Donald Trump has made it a habit to lie about many things this election cycle. On the night of the first debate, he was honest about something for once (so rare!) and admitted he does not pay federal income taxes. Not just once, but multiple times in a row while Hillary pointed out exactly what it was that he was confessing to. He even went so far as to say he feels “smart” about it, which might not be the most intelligent thing to say when you are claiming on national television that you have been neglecting to pay taxes for who knows how many years.
The lead up to the debate moment included Trump once again rambling about being audited, this time claiming he’s been audited for almost 15 years straight, and that he would “go against his lawyers wishes” and release his tax records if Hillary releases her emails. Of course, there is no bar on releasing tax returns that are under audit, but just try telling Trump and his “lawyers” that and see if it makes a difference. Hillary calls him out on that fact and posits that he might be a shady businessman (probable), that he doesn’t give as much to charity (also probable), or that he isn’t as rich as he says he is (almost a definite), then proceeds to lay out the facts about the Trump tax history we do have knowledge about.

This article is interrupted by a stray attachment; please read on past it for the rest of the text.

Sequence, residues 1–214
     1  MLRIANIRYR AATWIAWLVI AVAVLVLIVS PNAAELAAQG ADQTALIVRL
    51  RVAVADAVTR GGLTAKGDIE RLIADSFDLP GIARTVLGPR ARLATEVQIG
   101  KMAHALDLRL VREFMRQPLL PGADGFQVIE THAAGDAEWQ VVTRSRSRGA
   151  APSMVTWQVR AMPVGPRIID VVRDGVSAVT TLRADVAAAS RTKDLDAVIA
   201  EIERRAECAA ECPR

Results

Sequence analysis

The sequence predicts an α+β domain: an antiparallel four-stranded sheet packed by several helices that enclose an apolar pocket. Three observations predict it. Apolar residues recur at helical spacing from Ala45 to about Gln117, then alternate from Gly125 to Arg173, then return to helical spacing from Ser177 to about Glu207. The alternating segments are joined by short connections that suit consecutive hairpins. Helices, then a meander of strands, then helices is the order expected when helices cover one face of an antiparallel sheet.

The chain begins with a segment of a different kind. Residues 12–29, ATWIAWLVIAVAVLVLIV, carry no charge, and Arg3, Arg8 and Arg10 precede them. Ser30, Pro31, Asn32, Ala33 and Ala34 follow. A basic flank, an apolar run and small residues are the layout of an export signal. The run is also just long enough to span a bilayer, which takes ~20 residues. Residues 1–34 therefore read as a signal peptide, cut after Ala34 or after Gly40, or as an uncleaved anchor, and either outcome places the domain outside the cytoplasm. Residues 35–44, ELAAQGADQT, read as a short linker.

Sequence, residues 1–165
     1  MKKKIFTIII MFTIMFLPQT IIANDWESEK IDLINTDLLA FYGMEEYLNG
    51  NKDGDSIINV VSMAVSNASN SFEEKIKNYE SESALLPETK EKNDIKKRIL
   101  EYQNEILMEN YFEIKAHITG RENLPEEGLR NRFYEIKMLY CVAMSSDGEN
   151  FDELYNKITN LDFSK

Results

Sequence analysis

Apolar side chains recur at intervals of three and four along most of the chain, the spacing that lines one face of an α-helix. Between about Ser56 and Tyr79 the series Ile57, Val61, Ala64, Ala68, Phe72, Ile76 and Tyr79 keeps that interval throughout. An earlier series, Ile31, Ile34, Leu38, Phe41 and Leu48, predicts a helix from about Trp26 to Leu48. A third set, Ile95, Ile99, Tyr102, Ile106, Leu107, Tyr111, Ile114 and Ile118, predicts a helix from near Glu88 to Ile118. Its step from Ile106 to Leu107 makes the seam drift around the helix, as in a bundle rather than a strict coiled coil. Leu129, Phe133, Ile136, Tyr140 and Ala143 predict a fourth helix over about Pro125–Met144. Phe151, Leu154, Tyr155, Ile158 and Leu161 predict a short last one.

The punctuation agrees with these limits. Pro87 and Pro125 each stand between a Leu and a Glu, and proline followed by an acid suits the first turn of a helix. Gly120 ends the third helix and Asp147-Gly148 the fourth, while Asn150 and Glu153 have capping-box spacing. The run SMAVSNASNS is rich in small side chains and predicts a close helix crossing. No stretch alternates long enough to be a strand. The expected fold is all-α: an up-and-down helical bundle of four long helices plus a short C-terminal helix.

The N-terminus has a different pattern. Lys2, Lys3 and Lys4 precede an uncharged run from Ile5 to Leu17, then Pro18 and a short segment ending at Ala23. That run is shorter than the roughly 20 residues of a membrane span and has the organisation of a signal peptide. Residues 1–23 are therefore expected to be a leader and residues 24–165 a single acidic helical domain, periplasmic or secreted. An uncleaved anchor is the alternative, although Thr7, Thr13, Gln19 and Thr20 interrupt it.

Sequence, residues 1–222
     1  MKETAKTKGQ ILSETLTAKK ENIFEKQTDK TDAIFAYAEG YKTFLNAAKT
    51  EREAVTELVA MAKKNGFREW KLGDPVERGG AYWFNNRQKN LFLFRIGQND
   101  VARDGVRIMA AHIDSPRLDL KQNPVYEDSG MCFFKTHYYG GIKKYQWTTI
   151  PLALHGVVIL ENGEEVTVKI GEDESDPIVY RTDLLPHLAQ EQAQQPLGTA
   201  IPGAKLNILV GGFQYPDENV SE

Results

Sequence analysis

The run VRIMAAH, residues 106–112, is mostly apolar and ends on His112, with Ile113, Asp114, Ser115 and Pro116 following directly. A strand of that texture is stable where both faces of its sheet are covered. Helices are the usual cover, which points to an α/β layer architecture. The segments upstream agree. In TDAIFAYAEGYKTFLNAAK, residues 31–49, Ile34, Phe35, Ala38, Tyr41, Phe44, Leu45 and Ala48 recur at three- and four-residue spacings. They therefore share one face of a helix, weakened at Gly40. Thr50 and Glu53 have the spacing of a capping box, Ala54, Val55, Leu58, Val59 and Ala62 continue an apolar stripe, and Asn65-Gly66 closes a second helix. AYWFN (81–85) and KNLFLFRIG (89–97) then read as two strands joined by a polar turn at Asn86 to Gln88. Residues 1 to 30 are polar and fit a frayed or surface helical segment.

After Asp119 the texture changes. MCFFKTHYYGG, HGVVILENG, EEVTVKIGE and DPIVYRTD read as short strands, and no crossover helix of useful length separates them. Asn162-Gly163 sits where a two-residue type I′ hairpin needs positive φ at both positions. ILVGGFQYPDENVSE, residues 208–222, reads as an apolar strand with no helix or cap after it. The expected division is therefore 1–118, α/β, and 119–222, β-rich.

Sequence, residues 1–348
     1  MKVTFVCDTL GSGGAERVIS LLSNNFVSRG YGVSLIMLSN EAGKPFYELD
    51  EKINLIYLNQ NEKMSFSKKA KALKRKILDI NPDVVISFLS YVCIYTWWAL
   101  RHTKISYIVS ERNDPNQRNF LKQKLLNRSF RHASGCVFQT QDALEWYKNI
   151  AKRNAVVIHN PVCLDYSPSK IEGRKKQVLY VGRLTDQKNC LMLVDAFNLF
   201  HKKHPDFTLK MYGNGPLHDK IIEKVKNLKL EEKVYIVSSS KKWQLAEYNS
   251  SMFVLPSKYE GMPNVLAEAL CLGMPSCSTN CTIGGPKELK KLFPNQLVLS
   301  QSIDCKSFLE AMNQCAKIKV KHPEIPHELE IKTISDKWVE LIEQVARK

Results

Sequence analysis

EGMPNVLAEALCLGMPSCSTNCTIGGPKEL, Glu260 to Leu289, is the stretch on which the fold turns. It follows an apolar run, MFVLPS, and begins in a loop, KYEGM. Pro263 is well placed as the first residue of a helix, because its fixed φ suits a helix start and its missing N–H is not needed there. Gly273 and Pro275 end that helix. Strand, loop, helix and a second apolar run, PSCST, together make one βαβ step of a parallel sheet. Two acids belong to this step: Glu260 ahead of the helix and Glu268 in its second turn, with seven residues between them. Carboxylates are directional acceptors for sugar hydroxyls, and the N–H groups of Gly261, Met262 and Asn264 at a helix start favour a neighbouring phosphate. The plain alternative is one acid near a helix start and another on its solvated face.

Hillary points out that those taxes would go to the troops and veterans, things Trump and the GOP include in their platform, as well as things like schools and health initiatives. Instead of defending himself intelligently, Trump admits again that if he did pay taxes they would be squandered on “Hillary’s ideas” as well. What those ideas are, he doesn’t say. Nor does he reasonably detail what reports he is referencing to support his points, why specifically the country being in debt is bad (it isn’t), and why he thinks LaGuardia Airport is like that of a third world country (probably the one thing he’s said tonight that is even remotely near the “accuracy” ballpark).
Clinton then goes on to pick apart his defense agains releasing his taxes, including laying out the difference between a financial disclosure statement and an actual tax return. Not to mention the lesson she gives the audience about his history of business mistakes and what that could mean for the government. In a moment that is not shocking at all, Trump claims he has a “tremendous” business and income. Well that’s good, it;s not like anybody in the country wants to see proof of that claim or anything. Here’s a longer clip of Trump’s odd tax statement.